Bridesmaids (2011) – Review
“Do you want to tell a cop about it? We’re just like priests except we would tell everybody afterwards” – Bridesmaids is good but has received much more credit than it deserves – 6/10
Dir. Paul Feig
Bridesmaids has received a wealth of positive criticism and been surprisingly successful at the Box Office despite being up against high profile summer releases such as The Hangover: Part 2, the final Harry Potter and Transformers 3. Inevitably, because of the extent of the accolades this film has received, I went into the theatre pondering: A) Is this film as good as everyone says? And B) If it isn’t, then why all the praise? But before all that, let me explain what Bridesmaids is about.
The main character is called Annie (Kristen Wiig) and her best friend (Lillian, played by Maya Rudolph) is getting married. Annie responds to the news with a mixture of jealousy and excitement. At the wedding Annie is to be ‘maid of honour’ and she plunges herself into the role wholeheartedly but misguidedly. You see, Lillian has made a new friend called Helen (Rose Byrne) who appears to be trying to take over Annie’s role as best friend. Annie, who is Lillian’s lifelong friend cannot understand why they are getting on so well, I mean they’ve only known each other for like a few months!! The thing is, however, Helen is rich, glamorous and crucially, good at organising weddings. In stark contrast, Annie’s attempts at organising the requisite pre-wedding events are calamitous to say the least – with both cringe-making and amusing results. As Lillian and Helen become increasingly good friends, Annie feels sidelined and betrayed. On top of this Annie’s life in general is not going so great: her business failed, her boyfriend left her, her English housemates are weird and annoying, her male friend/guy she sleeps with sometimes (Ted, played by John Hamm) is a horrible bastard. On top of this she hates her job and her boss, her car is rubbish and she’s broke. So Annie’s life is going badly and she feels like her best friend status with Lillian is under threat. During the course of the film we see Annie behave in an increasingly insane manner in the run up to the wedding.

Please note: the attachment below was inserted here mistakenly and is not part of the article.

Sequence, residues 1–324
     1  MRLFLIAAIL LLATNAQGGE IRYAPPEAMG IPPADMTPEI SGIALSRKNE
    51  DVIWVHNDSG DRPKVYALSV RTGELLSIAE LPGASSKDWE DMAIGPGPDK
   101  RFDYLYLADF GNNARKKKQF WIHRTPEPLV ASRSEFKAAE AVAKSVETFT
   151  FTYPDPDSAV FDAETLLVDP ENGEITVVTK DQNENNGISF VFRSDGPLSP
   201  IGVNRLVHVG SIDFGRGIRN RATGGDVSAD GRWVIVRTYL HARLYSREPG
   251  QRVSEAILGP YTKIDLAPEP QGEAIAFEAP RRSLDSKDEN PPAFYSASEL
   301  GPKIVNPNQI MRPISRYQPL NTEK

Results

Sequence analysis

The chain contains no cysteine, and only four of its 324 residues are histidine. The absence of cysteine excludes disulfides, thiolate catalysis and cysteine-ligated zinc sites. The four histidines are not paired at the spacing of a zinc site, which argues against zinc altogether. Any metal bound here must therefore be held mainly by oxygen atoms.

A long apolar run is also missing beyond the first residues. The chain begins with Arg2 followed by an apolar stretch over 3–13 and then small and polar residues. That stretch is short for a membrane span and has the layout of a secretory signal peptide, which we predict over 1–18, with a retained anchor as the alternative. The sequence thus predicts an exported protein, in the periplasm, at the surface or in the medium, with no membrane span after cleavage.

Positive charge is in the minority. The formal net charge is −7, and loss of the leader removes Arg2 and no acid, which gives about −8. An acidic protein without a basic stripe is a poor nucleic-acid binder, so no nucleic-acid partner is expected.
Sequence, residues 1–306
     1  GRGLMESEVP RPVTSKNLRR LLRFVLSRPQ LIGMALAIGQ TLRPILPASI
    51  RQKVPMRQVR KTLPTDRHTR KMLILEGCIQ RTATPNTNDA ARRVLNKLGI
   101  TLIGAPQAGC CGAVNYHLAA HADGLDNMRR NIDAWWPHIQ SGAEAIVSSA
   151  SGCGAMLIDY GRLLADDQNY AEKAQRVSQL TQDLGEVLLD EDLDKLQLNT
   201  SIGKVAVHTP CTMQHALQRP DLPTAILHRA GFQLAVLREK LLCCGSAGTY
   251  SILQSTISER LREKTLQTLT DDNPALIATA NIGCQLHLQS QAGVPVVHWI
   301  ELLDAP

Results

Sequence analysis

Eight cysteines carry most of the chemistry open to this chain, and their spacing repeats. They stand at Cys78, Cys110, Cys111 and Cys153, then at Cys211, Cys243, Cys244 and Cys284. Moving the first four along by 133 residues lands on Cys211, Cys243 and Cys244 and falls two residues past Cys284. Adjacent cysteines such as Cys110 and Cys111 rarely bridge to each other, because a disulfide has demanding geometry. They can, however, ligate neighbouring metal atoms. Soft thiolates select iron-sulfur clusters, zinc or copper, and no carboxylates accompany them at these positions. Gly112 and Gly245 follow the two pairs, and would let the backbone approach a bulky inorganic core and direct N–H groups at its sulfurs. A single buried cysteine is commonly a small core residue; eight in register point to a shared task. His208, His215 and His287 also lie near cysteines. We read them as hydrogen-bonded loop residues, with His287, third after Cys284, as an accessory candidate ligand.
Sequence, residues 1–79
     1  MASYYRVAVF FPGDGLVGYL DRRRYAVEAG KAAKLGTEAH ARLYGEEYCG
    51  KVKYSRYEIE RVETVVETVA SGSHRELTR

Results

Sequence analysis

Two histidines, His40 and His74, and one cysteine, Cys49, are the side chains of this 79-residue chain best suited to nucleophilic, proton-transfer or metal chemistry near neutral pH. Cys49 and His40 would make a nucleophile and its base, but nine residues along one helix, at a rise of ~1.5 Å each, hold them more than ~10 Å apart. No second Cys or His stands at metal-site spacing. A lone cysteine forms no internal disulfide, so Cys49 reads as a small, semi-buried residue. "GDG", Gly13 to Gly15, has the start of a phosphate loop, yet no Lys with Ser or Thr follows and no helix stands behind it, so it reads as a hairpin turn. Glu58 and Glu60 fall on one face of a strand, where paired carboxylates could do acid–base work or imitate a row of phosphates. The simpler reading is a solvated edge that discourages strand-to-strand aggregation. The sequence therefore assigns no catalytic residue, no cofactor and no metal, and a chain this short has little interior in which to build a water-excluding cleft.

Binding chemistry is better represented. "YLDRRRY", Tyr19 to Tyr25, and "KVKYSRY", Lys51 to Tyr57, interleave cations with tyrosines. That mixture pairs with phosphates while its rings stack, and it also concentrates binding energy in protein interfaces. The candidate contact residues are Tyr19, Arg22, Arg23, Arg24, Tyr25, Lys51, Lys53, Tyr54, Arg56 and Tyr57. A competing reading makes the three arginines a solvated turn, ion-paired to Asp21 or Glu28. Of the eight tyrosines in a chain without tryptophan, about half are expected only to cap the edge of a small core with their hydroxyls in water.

Bridesmaids is a comedy and it did make me laugh – that is the first box ticked. For example, the scene where a sudden bout of food poisoning ruins a dress fitting is rather amusing and it culminates in a particularly hilarious incident as Lillian breaks down in the middle of the street, with a wedding dress on, to relieve herself. In addition, Kristen Wiig – who also co-wrote the film – exhibits a fair amount of charm and comic flair. The real star, however, is Annie’s love interest, Officer Nathan Rhodes (Chris O’Dowd), who has some great lines and delivers them in a wry and self-deprecating manner. In fact, his down-to-earth character is refreshing amongst a collection of caricatures.
The English room-mates are grotesque and ridiculous. Ted is completely over-the-top in how rude he is to Annie: “This is so awkward. I really want you to leave, but I don’t know how to say it without sounding like a dick” and “I wouldn’t want to make you explain what our relationship is to all those people. That would suck for you” are a couple of his lines. Undeniably, they’re not bad lines, but the problem is that there’s too much that’s over-the-top in this film; too many extreme, cartoon-esque characters. There is the naive newlywed, the cynical mother of three who’s bored of her husband, Helen is the spoilt princess-type, Megan (Melissa McCarthy) is the delusional fat one with no shame – a rip-off of Zach Galifianakis’ character in The Hangover. Even Officer Nathan Rhodes seems to be THE most down to earth guy EVER! With whom Annie predictably ends up.
The whole film is a bit too obvious and runs very predictably – basically it lacks subtlety. This, of course, is exactly what we have come to expect from an Apatow movie and I don’t have any particular problem with that. Apatow Productions has produced some very funny films and entertained excellently over the last few years. I have a problem, however, with the extent of critical acclaim this film has received. In short, it isn’t that good. So then, why all the praise? I think possibly it’s because Bridesmaids is written by women and features women doing blokey jokes – ones involving poo, farts and fat people – and there’s a feeling that this should be encouraged. Maybe not, but that’s my theory. You can make up your own mind. Certainly Wiig should be encouraged, she seems pretty good; but then again, people from the Saturday Night Live team usually are.